With HM Revenue & Customs (HMRC) revealing that Inheritance Tax (IHT) receipts increased by £200 million from April to July 2023, it’s a reminder of the importance of estate planning if you anticipate an IHT bill in the future.
IHT is levied on the assets, property, and money of a deceased individual, is an essential aspect of estate management.
If the estate is valued below the nil-rate band threshold of £325,000, or if all assets beyond this allowance are transferred to the deceased’s spouse or civil partner, there is generally no tax liability.
The residence nil rate band may modify the IHT rate for those who qualify. In cases where the primary residence is left to a direct descendant, the threshold could rise by £175,000, extending up to £500,000. Similar to the provisions of the standard nil-rate band, this increase can be applied jointly with a spouse or civil partner, which means that a couple may leave up to £1 million without being subject to tax.
Generally, IHT is charged at 40 per cent over these thresholds, but this rate can vary depending on other factors, such as if a proportion of the estate is left to charity.
The following strategies can help you mitigate the impact of IHT on your estate:
The importance of Wills: Regularly reviewing and updating your Will, particularly after significant life changes, is an indispensable component of estate planning.
Utilising lifetime gifting: Leveraging HMRC’s IHT tax incentives through lifetime gifting is a practical approach. These gifts can range from money, property, personal possessions, to shares. It should be noted that transactions significantly below market value might also be categorised as gifts.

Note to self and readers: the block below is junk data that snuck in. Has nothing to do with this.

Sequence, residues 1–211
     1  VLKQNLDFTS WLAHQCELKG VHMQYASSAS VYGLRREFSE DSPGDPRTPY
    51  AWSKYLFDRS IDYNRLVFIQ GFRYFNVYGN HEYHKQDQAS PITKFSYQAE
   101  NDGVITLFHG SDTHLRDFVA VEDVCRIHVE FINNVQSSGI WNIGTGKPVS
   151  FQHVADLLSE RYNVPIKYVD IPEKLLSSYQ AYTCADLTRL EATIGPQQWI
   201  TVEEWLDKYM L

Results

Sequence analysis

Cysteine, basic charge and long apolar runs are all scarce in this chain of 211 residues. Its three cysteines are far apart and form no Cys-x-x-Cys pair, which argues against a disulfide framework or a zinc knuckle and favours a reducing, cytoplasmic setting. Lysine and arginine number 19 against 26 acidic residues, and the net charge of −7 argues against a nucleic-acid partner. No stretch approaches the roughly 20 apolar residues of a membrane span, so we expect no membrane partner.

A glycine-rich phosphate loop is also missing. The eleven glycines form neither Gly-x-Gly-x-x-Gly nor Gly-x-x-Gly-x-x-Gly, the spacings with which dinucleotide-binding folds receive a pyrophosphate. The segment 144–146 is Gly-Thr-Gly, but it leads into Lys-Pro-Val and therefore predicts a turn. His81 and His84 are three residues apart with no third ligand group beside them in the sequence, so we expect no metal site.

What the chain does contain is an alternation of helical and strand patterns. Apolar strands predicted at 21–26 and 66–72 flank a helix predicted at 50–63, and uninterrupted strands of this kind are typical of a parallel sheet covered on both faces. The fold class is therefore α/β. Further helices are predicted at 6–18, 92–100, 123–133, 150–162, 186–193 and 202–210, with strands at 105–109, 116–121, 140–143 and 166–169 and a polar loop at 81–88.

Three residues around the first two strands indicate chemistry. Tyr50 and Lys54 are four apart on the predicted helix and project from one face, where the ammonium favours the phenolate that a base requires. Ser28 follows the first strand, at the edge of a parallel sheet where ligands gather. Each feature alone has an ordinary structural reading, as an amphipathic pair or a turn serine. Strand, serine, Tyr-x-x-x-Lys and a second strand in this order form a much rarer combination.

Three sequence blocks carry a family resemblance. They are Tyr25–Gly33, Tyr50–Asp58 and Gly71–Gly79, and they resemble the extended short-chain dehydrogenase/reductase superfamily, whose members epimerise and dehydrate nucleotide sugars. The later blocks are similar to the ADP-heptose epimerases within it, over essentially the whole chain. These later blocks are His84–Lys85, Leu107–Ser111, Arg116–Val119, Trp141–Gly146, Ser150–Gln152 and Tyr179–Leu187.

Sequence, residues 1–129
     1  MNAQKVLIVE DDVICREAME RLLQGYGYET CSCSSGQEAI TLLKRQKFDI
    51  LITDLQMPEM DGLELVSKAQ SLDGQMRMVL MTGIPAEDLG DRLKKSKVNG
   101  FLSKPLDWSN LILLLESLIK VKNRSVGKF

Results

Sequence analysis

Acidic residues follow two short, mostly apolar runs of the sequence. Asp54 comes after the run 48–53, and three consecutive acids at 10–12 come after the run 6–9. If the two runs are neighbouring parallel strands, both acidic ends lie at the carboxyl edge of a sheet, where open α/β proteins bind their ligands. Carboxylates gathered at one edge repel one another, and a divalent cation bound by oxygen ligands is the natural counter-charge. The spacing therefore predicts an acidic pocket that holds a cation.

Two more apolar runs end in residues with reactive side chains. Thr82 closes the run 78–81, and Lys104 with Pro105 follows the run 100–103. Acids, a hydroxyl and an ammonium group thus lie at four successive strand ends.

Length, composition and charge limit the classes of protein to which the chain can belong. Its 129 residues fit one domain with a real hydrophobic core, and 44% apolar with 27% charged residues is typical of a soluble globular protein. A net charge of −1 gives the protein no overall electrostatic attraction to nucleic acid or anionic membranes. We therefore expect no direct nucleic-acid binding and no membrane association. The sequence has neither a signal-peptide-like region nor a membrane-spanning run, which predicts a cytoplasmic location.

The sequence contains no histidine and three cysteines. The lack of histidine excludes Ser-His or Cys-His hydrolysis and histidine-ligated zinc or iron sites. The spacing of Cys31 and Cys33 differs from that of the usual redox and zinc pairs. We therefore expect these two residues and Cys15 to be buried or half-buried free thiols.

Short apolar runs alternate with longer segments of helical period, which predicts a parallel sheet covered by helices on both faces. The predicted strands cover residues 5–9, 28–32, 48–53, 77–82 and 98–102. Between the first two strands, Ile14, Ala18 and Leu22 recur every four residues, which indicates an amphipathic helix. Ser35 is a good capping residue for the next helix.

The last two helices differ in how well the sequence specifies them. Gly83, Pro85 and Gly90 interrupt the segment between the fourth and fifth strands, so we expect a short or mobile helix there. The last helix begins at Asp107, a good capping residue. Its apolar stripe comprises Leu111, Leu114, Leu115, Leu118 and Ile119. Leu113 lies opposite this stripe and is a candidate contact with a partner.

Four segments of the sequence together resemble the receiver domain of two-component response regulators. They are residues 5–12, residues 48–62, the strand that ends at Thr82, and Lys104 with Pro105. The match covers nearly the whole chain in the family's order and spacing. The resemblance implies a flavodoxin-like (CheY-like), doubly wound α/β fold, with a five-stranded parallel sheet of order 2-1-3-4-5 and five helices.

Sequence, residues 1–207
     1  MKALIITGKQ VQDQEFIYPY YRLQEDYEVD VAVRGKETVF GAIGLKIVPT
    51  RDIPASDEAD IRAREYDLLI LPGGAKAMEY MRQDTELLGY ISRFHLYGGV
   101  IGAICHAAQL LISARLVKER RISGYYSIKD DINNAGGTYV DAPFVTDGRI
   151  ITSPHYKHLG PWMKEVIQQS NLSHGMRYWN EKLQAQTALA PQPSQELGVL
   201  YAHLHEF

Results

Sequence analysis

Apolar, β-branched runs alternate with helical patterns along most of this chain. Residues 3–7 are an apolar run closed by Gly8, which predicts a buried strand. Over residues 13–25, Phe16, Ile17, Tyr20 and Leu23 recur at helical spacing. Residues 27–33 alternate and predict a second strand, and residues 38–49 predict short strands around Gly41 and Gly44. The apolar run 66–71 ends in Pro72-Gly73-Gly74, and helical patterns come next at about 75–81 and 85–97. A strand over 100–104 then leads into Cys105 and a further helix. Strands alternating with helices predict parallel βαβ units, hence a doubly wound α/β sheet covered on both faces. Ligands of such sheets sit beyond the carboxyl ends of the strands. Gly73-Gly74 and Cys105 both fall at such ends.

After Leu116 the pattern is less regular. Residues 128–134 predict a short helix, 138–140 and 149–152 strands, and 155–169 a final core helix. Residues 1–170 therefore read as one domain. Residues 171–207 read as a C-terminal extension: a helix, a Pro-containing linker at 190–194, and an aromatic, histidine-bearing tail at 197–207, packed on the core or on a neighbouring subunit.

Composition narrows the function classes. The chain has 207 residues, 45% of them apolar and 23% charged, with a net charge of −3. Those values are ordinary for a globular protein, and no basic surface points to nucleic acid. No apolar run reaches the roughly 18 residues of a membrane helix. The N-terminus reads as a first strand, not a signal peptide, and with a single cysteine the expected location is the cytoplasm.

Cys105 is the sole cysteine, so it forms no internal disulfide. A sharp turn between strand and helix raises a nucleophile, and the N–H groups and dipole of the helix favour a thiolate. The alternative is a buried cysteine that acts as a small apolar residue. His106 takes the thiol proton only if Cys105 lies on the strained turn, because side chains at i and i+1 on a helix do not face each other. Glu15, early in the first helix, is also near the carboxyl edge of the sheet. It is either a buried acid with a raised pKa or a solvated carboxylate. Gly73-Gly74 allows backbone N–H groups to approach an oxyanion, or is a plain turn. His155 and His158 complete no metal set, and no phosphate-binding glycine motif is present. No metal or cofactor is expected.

Understanding gifting allowances: Various allowances apply to different types of gifts, such as general gifts, small gifts, and those given for weddings, civil partnerships, birthdays, and Christmas.
Implementing trusts: Several types of trusts, including bare trusts, interest in possession trusts, and trusts for bereaved minors or disabled beneficiaries, may enable IHT savings, given the fulfilment of specific criteria.
Charitable donations: Leaving a charitable donation within your Will may reduce the overall taxable value of the estate.
It should also be noted that lifetime gifts made fewer than seven years prior to death will be factored into the estate’s value.
Estate planning can be challenging, but if you anticipate that your estate will be subject to IHT, being aware of these principles is essential.
Need advice on tax planning for your estate? Contact us today.